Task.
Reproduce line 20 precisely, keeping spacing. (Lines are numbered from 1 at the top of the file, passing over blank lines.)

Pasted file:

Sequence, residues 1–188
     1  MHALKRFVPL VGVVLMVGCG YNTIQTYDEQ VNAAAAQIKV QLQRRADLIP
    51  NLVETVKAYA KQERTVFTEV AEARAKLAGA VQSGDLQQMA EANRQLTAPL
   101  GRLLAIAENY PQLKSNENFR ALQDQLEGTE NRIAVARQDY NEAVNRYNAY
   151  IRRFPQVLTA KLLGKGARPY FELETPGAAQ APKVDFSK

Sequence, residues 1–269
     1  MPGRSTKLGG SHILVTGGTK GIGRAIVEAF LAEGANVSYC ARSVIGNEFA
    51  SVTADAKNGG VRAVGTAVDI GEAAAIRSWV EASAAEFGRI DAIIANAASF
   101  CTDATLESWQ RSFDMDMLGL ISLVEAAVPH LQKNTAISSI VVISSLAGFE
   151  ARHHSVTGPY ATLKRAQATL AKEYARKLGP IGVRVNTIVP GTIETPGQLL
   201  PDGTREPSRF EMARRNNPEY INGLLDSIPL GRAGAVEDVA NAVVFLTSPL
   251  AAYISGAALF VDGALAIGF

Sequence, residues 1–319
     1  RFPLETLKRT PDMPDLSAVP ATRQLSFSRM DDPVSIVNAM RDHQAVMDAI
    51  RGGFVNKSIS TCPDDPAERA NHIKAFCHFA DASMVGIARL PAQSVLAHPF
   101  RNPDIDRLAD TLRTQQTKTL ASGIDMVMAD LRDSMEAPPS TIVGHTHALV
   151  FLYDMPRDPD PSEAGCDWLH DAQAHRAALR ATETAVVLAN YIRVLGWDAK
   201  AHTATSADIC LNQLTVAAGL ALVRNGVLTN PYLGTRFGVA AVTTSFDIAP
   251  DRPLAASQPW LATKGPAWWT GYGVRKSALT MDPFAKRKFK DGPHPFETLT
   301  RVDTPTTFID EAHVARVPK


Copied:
   301  RVDTPTTFID EAHVARVPK